5 Myths about Dying

dying

Understanding the facts about dying reduces guilt and fear

Death is a mysterious and scary concept. Because there’s so much we don’t know about the dying process and what happens after death, dozens of myths and misconceptions have developed over the ages.

Many of these incorrect beliefs can add unnecessary guilt, fear, or stress. Understanding the truth about what to expect and what’s a normal part of the process can help make this transition more peaceful for everyone involved. Here, we explain the truth behind 5 common myths about dying.




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Myth #1 If I’m not there when my loved ones die, I’ve failed them.

Popular Belief: If I’m not there when they pass, they won’t know that I love them. They’ll feel so alone.

Truth: The timing of death itself is a complete mystery. Some people seem to wait for someone to arrive or for everyone to leave the room before they die. Don’t judge yourself for being there at the final moment or not. That may have been how your older adult wanted it to happen.

 

Myth #2 I have to do everything I can to prevent death

Popular Belief: If I don’t use every possible technology and treatment available or if I stop using machines to keep someone alive, then I’m basically killing them.

Truth: Advanced age or disease is what kills your older adult, not you. Even though advanced treatments and technology are available, it doesn’t mean those options are always right for your older adult. Sometimes, aggressive treatments only prolong the dying process rather than give life.

 

Myth #3 I have to make sure they keep eating and drinking

Popular Belief: I have to do everything possible to make sure they don’t starve to death or die of dehydration.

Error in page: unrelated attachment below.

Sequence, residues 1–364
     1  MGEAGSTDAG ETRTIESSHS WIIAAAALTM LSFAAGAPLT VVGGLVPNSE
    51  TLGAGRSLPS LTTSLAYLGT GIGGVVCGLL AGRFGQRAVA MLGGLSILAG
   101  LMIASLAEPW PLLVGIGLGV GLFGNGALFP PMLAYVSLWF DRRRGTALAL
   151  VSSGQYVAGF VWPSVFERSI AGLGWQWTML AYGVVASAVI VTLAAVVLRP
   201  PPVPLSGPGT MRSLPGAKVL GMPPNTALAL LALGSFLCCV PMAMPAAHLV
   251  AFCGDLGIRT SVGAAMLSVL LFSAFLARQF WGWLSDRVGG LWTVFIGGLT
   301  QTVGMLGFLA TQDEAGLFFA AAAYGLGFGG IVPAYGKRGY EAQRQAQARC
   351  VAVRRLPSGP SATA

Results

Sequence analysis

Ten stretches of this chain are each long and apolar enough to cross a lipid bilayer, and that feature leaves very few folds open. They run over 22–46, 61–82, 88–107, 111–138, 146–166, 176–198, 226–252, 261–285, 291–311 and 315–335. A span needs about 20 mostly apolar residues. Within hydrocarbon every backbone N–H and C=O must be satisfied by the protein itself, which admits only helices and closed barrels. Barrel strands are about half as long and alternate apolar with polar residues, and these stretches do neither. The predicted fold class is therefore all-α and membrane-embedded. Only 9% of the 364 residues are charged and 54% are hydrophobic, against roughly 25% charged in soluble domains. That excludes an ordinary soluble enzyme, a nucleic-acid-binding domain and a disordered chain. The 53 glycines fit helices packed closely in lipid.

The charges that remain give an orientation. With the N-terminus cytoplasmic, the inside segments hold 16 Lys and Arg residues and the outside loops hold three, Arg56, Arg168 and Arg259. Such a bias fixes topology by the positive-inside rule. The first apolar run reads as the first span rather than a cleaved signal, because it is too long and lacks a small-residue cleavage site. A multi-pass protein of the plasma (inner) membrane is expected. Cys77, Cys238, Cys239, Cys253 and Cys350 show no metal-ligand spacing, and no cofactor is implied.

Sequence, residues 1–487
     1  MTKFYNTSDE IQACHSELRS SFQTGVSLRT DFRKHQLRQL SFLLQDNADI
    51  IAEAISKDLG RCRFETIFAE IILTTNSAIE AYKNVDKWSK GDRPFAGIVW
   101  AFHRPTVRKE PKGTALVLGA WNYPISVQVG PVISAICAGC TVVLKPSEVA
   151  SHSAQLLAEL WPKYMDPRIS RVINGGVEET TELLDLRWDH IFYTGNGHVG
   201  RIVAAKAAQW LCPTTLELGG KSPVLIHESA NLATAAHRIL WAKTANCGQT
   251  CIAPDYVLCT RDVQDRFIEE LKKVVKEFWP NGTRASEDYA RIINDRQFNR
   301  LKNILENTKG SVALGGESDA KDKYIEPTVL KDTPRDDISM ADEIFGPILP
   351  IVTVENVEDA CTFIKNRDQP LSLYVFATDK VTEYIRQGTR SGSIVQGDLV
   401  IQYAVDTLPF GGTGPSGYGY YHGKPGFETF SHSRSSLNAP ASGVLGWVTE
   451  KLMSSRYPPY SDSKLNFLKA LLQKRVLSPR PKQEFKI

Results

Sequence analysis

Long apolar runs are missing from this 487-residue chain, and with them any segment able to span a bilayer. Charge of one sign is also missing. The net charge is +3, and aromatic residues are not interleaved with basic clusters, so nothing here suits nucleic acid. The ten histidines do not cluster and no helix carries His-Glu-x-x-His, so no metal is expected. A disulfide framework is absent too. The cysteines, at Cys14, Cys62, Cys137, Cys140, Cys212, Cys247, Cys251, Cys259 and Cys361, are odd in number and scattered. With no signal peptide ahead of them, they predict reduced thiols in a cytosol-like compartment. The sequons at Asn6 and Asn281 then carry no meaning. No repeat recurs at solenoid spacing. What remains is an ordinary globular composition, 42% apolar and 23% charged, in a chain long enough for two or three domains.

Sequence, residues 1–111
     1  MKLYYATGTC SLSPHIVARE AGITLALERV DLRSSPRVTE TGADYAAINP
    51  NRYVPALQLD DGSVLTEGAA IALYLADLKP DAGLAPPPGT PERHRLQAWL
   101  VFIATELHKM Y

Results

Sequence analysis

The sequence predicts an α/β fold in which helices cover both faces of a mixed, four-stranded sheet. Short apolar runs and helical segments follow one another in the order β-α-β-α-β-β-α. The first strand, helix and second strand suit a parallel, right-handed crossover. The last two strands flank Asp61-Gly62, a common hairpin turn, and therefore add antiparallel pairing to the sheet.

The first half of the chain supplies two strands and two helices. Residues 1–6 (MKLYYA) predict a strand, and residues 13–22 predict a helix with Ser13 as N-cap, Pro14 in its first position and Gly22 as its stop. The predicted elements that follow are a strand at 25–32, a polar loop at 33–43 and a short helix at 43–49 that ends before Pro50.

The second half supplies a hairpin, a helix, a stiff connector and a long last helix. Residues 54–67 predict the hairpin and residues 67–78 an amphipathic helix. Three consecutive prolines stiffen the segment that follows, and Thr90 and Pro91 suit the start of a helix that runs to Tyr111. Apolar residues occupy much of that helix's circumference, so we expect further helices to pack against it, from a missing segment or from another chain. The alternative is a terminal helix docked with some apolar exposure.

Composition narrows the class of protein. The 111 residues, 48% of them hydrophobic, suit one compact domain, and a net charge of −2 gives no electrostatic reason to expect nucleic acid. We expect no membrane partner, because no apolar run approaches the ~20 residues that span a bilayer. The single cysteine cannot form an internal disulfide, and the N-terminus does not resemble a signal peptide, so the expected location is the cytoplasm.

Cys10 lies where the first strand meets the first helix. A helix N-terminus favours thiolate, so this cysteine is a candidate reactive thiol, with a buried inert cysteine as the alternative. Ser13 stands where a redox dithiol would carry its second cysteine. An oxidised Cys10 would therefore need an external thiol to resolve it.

Truth: Don’t be alarmed if your older adult refuses food or water. The body’s ability to process food and water changes in the final months of life. People don’t die because they aren’t eating; they don’t eat because they’re dying. Also, natural dehydration causes less chances of nausea and vomiting, swelling, and lung congestion.

 

Myth #4 Dying only happens in hospitals

Popular Belief: Almost everyone dies in a hospital.

Truth: People die at home every day. They’re usually kept comfortable and pain-free by home care or hospice care. Home might be a private home, a nursing home, an assisted living facility, or a hospice residence. No matter where, a home setting is usually more peaceful for both the older adult and their family.

 

Myth #5 People should be conscious until the moment of death.

Popular Belief: Toward the end of life, something is wrong if people are sleeping a lot, extra tired, or confused.

Truth: The dying process almost always causes someone to sleep more and more, until they drift into a coma. Sleepiness and confusion are usually caused by natural changes in the body as it begins to shut down.

 

Recommended for you:
5 Myths About Hospice Care
How to Talk About End-of-Life with Seniors
POLST: Why Your Older Adult May Need One

 

By DailyCaring Editorial Team
Image: The Guardian


2 Comments

  • Reply September 17, 2021

    Steven Hancox.

    Some people who are in a hospice beleive there is a chance to suvive, why take away there beleif,its what keeps them going in a posative way….talking polite about dying can create real hurt and suffering….every one is an individual,and there needs are differant….there is NO straightforward answer…people,s feelings vary,and its so important to have an understanding of the individual.

    • Reply September 17, 2021

      DailyCaring

      Yes, each person and situation is different, so families must make their own decision on whether or not to talk with the person about their dying.

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